United States v. Rothberg, 351 F. Supp. 1115 (E.D.N.Y. 1972)

US District Court for the Eastern District of New York - 351 F. Supp. 1115 (E.D.N.Y. 1972)
November 30, 1972

351 F. Supp. 1115 (1972)

Mitchell ROTHBERG et al., Defendants.

No. 71-CR-164.

United States District Court, E. D. New York.

November 30, 1972.

Robert A. Morse, U. S. Atty., E. D. N. Y., for plaintiff; Guy Heinemann, Asst. U. S. Atty., of counsel.

Michael Metzger, San Francisco, Cal., for defendant Mitchell Rothberg.

Maurice Brill, New York City, for defendant William F. Wilson.

Ivan Fisher and Michael J. Gillen, New York City, for defendant Gary Brittman.

BARTELS, District Judge.

Defendants Rothberg, Wilson, and Brittman have been indicted for transporting, concealing and selling marihuana, in violation of 21 U.S.C. § 176a. The term "marihuana" as used in that section, is defined in 26 U.S.C. § 4761 (Internal Revenue Code) as ". . . all parts of the plant Cannabis sativa L. . . .." Defendants contend that the Government must prove beyond a reasonable doubt that the specific subject matter of the indictment was Cannabis sativa L. and that, as a matter of law, this will be impossible because what the defendants imported into the United States came from Afghanistan and was Cannabis indica Lam. Accordingly, they made an offer of proof to establish that genus Cannabis is polytypic (having more than one species) and that Cannabis indica, being a separate species, fell without the statutory definition. It is the defendants' position that if, after viewing the proof offered, the court *1116 were to find that Cannabis indica was a species separate from Cannabis sativa, the evidence examined by the court would be submitted before the jury and a motion to acquit would thereafter be made pursuant to Rule 29 of the Federal Rules of Criminal Procedure.

The Government moved to reject the offer of proof, and to strike any expert testimony relating to the mono- or polytypic nature of Cannabis, contending (1) that the meaning of "Cannabis sativa L." as it is used in 26 U.S.C. § 4761, is clear, in that Congress intended to include in the definition all forms of Cannabis, not excluding Cannabis indica, wherever grown and however typed by professional taxonomists, and (2) that in all events Cannabis sativa L. is and always was a monotypic species.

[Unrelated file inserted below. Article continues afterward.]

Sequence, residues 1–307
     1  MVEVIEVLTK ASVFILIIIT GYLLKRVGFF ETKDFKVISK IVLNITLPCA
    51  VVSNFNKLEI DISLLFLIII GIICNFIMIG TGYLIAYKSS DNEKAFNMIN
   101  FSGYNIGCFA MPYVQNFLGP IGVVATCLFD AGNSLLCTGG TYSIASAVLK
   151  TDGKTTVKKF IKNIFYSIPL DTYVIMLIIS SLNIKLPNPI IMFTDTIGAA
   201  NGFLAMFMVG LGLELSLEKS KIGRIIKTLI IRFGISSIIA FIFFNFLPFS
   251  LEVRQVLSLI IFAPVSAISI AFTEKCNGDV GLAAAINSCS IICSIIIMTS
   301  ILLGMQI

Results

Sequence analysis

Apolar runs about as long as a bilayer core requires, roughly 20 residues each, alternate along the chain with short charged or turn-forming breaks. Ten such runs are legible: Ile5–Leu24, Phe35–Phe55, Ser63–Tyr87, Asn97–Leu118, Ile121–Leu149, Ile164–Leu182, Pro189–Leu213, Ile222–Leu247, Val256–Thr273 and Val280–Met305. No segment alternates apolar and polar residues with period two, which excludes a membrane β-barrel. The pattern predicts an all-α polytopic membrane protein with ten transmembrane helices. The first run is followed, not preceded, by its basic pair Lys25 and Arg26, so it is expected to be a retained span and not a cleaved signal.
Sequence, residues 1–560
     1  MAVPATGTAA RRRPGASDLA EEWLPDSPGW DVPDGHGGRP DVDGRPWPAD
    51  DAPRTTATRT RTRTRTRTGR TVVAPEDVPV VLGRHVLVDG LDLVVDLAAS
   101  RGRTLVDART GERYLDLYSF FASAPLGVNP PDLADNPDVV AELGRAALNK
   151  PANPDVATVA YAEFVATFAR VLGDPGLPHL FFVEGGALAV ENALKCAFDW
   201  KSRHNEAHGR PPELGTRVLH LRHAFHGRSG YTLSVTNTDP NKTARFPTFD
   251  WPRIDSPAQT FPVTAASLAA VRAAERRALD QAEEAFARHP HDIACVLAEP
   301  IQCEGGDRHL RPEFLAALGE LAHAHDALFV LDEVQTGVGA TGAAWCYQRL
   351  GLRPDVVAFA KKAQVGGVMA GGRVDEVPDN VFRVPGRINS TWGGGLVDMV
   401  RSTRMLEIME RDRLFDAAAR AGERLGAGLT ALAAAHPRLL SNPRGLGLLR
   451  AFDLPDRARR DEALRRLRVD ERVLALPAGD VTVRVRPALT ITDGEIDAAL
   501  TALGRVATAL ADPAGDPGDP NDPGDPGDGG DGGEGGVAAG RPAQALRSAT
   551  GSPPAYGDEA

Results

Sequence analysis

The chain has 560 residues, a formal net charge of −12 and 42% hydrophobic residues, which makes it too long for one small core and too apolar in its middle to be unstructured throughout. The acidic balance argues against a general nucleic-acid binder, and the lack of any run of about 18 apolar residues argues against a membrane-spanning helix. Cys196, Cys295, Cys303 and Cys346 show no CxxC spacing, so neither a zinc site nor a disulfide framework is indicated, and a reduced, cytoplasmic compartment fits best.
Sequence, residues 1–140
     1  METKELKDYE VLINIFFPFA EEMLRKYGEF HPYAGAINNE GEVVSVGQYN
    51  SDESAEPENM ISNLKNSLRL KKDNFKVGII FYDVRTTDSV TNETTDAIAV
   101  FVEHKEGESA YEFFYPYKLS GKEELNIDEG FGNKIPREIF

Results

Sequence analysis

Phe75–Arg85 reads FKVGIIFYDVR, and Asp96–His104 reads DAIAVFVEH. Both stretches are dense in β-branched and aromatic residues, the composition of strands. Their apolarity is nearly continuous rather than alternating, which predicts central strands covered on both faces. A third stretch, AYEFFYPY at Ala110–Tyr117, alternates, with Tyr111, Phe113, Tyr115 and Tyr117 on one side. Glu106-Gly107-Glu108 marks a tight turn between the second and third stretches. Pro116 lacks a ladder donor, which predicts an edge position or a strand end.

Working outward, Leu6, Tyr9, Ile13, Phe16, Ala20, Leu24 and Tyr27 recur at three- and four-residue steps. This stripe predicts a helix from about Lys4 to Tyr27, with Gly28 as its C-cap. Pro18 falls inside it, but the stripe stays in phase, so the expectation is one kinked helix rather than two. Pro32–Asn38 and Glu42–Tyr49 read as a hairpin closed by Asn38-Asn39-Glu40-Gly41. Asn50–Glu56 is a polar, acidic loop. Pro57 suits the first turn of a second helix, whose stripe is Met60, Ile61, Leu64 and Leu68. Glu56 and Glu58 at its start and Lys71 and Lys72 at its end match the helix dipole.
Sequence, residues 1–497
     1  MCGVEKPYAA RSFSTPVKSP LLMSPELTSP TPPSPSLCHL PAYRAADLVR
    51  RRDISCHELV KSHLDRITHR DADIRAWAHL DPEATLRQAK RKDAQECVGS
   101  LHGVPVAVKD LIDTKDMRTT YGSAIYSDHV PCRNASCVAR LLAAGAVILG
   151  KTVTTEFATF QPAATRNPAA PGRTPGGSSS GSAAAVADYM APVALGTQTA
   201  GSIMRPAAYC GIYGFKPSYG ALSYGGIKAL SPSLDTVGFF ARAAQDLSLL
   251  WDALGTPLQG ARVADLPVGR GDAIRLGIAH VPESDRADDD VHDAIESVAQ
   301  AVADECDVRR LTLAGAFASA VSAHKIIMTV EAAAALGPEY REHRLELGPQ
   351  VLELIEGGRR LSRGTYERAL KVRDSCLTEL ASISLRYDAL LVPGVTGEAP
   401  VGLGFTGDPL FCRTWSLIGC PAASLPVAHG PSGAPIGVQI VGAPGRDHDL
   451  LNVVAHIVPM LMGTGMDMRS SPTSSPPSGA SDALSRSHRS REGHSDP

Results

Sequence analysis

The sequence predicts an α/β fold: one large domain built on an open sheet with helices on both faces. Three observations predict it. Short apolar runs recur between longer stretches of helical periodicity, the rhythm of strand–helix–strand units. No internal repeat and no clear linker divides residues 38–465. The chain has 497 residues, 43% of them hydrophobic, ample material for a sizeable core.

To establish that there are at least two scientific and recognizable species in the genus Cannabis (sativa L. and indica Lam.) which are morphologically distinct in growth habit, form, and other attributes, defendants tendered the testimony of Dr. R. E. Schultes, Professor of Biology and Director of the Botanical Museum at Harvard University, and Dr. William Klein, Jr., Assistant Director of the Missouri Botanical Gardens.[1] In essence, they testified that from their studies of the genus Cannabis in its natural habitat in Afghanistan and in experimental sites in Mississippi, and from an examination of all botanical taxonomic literature treating the nature of the Cannabis plant, it was their conclusion that genus Cannabis was polytypic with three recognizable separate species, C. sativa L., C. indica Lam., and C. Ruderalis Jan., and that the Cannabis coming from Afghanistan (the place of origin alleged by the Government in this case) was C. indica Lam. and not C. sativa L.[2] Both admitted, however, that when Congress enacted 26 U.S.C. §§ 4741 and 4742 (predecessors of the present statute), containing the definition of marihuana as Cannabis sativa L., it was the generally accepted opinion among botanical taxonomists in the English speaking world that Cannabis sativa L. was monotypic, that Cannabis indica was simply a part or variety of Cannabis sativa, and that moreover such is the generally accepted opinion of botanists and taxonomists in America today. Indeed, both experts testified that they themselves had subscribed to this opinion although with some doubts up until they travelled to Afghanistan for a field study of the Cannabis in 1971 at the instance and expense of counsel for the defendants in United States v. Honeyman, N.D.Cal.Cr. 71-1035, September, 1972, who is also counsel for defendant Rothberg in the present case.